B2B businesses also use data, but on a much narrower scale. In a survey of B2B companies, only 25% of B2B businesses use data weekly to understand customer needs, while 9% admitted they never use data at all. This is evident given that 47% of B2B buyers who need a new financial service go straight to their existing bank, and 75% of those who claim to shop around also end up with their current bank. Most buyers don’t even consider more than two brands. Meaning lots get left behind.

This is where B2B marketing shouldn’t just rest on its laurels of tedious white papers and limited data. It should inject its own personal touch and emotion by undertaking its own research and data collection to produce insightful pieces of research and showcase its unique findings. This can include specific consumer trends and behaviours in the financial services space, so they can really understand their audience and further improve their product.

 

Be audience aware

Audience Blindness is a condition that hinders B2B brands from seeing that business decision-makers have changed. They have become younger; they’re millennials. The content they consume is worlds apart from what their predecessors consumed and is constantly evolving – particularly as we enter Web 3.0 and the metaverse.

Even in the finance sector, B2B marketing is still about appealing to ‘people’ and their needs. B2B isn’t a machine and shouldn’t just cater for a computer. It needs to connect to real life audiences – those with feelings, thoughts and emotions. Because behind every business partnership is a room full of people interacting, debating and sparking ideas.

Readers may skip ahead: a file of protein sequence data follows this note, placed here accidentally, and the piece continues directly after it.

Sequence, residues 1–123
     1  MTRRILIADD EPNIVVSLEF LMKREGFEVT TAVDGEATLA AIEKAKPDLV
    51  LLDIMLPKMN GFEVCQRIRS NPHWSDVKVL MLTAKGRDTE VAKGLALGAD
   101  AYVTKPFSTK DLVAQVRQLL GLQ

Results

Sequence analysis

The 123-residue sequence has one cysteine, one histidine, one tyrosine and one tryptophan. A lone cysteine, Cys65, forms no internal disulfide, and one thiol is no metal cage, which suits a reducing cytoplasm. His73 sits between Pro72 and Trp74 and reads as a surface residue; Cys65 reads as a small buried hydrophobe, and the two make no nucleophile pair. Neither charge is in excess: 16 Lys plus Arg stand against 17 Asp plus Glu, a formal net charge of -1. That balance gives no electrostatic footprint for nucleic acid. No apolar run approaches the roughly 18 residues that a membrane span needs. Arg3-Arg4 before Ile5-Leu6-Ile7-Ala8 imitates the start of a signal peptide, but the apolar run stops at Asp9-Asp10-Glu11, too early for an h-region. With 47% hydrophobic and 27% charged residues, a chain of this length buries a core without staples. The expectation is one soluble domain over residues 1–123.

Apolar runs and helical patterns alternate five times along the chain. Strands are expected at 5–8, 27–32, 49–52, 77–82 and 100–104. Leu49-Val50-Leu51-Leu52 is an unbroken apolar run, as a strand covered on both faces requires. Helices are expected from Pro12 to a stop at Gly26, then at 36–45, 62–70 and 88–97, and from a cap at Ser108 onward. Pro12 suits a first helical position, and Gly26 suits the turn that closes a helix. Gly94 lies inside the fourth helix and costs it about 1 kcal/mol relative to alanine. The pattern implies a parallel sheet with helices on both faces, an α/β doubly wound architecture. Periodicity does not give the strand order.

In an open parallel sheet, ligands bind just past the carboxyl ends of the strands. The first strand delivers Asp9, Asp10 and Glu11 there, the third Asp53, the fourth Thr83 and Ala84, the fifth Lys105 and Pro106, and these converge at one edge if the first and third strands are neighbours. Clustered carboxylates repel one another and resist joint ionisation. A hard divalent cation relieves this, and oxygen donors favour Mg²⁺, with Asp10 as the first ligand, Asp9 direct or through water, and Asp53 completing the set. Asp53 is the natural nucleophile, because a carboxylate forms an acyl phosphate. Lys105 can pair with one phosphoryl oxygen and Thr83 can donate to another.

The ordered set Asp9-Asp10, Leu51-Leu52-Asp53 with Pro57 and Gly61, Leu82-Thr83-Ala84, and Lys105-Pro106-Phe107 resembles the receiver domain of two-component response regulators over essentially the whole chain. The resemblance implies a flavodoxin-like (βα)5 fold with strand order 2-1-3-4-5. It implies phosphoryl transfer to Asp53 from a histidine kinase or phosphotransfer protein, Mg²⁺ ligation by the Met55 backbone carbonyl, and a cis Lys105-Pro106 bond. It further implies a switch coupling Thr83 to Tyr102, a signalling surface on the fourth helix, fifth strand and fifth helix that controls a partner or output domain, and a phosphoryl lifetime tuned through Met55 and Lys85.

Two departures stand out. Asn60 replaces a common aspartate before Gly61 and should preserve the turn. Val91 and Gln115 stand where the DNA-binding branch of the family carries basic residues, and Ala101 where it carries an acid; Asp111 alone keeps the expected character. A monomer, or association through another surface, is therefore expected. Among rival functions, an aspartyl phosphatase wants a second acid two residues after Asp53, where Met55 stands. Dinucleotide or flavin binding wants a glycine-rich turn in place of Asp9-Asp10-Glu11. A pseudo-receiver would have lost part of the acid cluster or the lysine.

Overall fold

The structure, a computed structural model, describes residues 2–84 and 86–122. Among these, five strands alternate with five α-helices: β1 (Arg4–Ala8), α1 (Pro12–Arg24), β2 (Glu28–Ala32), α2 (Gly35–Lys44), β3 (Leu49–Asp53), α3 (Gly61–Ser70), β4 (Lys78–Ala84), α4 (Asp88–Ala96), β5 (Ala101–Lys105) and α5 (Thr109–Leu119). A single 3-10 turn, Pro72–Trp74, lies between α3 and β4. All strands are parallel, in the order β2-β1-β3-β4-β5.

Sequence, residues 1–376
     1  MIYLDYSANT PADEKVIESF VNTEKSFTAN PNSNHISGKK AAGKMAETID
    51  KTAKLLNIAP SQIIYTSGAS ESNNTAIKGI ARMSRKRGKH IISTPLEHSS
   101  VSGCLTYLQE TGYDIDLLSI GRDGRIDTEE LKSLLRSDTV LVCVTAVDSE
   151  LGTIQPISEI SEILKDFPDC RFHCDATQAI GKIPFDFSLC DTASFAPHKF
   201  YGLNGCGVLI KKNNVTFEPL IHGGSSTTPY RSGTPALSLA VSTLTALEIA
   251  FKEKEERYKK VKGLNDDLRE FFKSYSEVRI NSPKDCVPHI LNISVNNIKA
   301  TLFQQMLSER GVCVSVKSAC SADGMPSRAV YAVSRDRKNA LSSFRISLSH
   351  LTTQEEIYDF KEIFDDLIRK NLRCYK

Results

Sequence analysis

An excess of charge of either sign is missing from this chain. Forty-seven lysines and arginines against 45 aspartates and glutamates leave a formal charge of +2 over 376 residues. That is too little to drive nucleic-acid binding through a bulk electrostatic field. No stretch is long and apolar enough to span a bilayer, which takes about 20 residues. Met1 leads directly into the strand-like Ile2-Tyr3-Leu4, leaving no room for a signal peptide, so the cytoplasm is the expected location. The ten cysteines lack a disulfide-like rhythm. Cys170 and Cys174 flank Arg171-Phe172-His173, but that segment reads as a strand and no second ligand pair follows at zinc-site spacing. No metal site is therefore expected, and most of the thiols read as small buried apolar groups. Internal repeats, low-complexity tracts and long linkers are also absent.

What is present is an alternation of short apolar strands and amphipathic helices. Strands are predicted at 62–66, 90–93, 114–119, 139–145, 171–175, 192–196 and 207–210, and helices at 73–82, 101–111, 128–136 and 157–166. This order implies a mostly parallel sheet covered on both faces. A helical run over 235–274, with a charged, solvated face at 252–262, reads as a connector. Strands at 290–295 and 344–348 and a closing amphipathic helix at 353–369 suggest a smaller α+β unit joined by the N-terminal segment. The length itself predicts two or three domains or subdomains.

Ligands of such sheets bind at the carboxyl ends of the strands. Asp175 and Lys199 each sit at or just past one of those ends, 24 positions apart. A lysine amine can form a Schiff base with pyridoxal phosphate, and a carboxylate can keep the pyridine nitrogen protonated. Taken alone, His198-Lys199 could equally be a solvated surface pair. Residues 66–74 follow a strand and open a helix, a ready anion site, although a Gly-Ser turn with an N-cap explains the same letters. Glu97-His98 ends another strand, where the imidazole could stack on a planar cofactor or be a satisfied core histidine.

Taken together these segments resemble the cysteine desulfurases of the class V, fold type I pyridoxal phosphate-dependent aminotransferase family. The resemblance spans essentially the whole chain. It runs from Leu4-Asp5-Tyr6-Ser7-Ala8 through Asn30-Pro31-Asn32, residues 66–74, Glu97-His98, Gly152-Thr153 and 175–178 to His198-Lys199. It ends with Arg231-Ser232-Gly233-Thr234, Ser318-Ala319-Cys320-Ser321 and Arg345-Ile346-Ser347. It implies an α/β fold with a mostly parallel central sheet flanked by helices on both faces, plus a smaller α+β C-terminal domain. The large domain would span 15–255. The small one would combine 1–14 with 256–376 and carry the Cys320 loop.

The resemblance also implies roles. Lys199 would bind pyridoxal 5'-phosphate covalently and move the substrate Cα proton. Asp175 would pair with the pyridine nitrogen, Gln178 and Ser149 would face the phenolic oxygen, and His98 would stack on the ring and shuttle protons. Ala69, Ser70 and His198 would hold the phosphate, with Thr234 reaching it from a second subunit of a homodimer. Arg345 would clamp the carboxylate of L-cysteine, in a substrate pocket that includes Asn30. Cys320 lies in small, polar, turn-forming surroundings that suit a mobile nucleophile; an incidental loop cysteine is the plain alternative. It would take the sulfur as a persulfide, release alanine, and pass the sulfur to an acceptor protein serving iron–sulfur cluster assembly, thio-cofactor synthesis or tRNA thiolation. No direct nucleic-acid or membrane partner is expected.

The B2C financial services sector has progressed significantly, understanding changes in audiences and catering to new needs and desires. The rise in neo-banking, investment made easy and services specifically for young adults and children looking to save is testament to this. They’ve introduced digital-first approaches, influencer techniques and new ways of improving the shopping experience through buy now, pay later (BNPL).

We’ve seen glimpses of B2B’s new beginning, but its future is to live in the present, and inject it with the power of B2C. Only then can B2B see the new audience, hear the new market and feel the new world.